The Xbox Wireless Headset has the most important features I want from gaming headphones: I can pair it with the Xbox Series X and the laptop (via Bluetooth) at the same time. I can easily adjust the mix of voice chat and game sound with a twist of an ear cup. It looks good, and at $ 99.99 it’s cheaper than most of the competition. If only the quality matched the promise.
When the Xbox Wireless Headset works, it provides a comfortable experience with sound that can be used. In games, the headset creates a 360-degree soundscape that favors dialogue. The headphone seal did an OK job of blocking noise outside, but it can not be compared to the active noise canceling technology of its more expensive counterparts from companies such as Sony and Bose ̵
No, it can not compete with advanced headphones, but compared to so many medium-sized video game headsets, the Xbox Wireless Headset is a strong alternative – when it works. For many reviewers, it seems to work well most of the time. For me, not so much.
Through two weeks of testing, I experienced many problems. Both games and chat sounds are regularly cut in and out. Sometimes I could hear myself talking with a second delay. Other times, the game sound came from the TV, despite my Xbox settings directing the sound to the headset.
I used the headphones for a full replay of It requires two with my colleague Russ Frushtick. He joked that we needed to bake time for the beginning of each game session in order for me to push the headset so that it would work reliably. If you’re an adult with limited playing time, it’s crazy to lose another five minutes on IT support on headphones when you can just plug in your earplugs and turn on Discord.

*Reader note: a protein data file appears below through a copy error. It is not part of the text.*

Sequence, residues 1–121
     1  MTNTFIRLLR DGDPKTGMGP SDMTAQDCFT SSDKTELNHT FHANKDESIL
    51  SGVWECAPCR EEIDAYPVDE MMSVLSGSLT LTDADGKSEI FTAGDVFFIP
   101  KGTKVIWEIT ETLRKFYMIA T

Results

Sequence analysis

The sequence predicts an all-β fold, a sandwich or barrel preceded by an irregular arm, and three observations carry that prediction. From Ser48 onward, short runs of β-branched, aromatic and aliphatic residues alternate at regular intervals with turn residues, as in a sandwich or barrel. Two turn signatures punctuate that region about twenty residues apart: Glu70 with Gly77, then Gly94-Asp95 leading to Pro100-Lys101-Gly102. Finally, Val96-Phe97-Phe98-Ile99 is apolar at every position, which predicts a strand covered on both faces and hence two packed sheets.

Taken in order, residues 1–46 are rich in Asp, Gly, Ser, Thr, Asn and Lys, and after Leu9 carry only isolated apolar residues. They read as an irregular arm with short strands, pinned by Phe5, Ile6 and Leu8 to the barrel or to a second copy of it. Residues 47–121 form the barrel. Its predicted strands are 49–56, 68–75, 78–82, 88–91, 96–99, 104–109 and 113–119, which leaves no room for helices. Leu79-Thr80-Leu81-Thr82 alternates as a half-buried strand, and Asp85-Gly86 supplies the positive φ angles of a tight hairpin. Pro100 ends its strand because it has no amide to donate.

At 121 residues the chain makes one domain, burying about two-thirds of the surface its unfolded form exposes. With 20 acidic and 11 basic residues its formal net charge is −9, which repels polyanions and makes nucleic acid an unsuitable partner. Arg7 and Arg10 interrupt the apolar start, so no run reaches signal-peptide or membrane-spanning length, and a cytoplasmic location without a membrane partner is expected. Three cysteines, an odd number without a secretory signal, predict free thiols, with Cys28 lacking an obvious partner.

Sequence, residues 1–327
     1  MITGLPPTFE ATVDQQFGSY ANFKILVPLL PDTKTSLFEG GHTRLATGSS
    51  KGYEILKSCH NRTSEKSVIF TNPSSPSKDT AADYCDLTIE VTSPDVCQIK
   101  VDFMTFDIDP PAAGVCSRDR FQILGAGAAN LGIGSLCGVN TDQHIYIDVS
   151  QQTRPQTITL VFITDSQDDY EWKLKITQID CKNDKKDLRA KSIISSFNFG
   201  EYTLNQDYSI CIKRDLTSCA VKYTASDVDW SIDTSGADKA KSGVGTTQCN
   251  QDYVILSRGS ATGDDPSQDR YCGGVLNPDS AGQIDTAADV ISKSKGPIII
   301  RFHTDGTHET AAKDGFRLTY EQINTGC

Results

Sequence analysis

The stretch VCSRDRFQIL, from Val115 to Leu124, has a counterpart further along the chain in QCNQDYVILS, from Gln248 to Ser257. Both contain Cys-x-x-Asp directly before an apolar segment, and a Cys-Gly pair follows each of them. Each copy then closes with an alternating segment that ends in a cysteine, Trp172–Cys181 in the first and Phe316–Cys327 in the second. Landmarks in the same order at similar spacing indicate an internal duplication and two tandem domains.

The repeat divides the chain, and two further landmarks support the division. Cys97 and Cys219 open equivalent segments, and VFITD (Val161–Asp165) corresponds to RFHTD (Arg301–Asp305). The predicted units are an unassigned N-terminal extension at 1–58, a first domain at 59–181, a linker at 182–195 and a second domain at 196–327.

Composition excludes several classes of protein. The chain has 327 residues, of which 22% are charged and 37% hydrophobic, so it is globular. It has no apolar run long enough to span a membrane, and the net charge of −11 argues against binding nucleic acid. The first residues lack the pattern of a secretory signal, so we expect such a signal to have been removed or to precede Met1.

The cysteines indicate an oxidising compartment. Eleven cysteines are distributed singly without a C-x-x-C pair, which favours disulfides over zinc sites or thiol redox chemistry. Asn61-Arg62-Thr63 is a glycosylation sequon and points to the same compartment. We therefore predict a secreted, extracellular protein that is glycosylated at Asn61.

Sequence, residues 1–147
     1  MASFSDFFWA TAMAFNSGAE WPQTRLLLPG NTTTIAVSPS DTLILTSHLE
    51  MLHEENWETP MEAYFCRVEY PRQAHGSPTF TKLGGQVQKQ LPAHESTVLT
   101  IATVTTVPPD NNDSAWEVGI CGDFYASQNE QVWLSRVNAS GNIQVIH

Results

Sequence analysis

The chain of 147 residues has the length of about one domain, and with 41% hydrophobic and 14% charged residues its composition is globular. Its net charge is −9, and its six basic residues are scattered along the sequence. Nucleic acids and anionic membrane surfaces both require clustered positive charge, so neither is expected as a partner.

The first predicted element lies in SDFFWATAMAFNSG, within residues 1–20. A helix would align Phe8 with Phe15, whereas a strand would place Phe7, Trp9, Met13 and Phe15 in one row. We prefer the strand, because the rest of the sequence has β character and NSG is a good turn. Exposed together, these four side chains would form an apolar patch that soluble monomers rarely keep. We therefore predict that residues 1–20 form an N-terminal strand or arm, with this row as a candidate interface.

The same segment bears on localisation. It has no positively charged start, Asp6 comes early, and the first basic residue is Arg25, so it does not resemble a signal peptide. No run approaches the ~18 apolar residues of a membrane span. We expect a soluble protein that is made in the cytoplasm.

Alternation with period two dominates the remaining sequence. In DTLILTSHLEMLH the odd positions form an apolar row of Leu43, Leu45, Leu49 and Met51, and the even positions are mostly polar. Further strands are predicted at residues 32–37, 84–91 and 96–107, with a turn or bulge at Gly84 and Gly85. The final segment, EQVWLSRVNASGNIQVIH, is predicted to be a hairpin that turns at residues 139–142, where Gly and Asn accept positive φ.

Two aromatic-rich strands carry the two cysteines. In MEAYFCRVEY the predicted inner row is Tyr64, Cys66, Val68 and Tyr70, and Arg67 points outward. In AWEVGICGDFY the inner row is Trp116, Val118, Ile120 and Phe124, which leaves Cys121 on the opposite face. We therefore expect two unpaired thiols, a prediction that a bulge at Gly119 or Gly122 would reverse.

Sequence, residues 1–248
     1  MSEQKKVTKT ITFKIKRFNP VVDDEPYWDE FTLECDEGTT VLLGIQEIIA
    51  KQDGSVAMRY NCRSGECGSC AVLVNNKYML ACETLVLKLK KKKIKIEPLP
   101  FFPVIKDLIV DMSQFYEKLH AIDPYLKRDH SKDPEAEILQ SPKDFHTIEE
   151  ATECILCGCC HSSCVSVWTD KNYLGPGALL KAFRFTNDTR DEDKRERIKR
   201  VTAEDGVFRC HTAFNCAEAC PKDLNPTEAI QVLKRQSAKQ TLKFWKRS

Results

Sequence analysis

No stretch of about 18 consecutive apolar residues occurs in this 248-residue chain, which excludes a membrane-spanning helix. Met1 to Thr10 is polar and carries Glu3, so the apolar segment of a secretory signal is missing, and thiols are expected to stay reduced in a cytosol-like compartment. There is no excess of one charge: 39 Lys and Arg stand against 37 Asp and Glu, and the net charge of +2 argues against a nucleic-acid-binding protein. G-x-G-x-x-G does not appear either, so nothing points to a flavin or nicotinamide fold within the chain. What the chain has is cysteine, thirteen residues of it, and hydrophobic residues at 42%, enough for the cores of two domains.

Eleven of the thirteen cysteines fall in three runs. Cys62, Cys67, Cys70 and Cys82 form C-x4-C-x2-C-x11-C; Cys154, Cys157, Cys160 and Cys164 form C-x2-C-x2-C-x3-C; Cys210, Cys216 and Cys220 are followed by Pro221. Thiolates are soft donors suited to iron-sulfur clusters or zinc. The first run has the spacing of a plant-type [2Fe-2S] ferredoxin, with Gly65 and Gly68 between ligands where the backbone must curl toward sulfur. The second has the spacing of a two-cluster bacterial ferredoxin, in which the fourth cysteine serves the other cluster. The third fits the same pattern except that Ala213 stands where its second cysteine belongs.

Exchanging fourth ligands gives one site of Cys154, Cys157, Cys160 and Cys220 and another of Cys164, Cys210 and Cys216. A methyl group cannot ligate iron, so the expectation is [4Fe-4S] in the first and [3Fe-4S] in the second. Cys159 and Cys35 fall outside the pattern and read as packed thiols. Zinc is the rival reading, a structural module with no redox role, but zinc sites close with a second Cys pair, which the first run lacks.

The headset performed better in other uses. It was ideal for bingeing chatty TV reruns Simpsons, but heard of when it came to more movie content. While looking at both Malcolm X and Falk and winter soldierI noticed that the background volume lines were almost as high and clear as the main character’s dialogue. It was disorienting.
Maybe there’s something unusual about my office setup, that something continues to interfere with the headset. Or maybe the headset needs some software updates before it’s ready for prime time – as most games do these days. Anyway, I hope it works better eventually.
The design is without a doubt the best in the room: a simple, elegant and comfortable over-the-ear option. The microphone is flexible and unobtrusive, the LED tip lights up to show if it is dimmed. But for now, the look is not enough to keep the Xbox Wireless Headset in my rotation. I give it another shot when Halo Infinite shows up – hopefully I can end the fight with his fussy connection and other occasional frustrations.
Xbox Wireless Headset is available now and compatible with Xbox One, Xbox Series X, Windows 10 devices and Bluetooth devices. This review was performed using a device provided by Microsoft and is based on testing with an Xbox Series X, a Windows 10 PC and an iPad Pro. Vox Media has affiliated partnerships. These do not affect editorial content, although Vox Media may earn commissions for products purchased through affiliate links. You can find additional information on Polygon’s ethical policy here.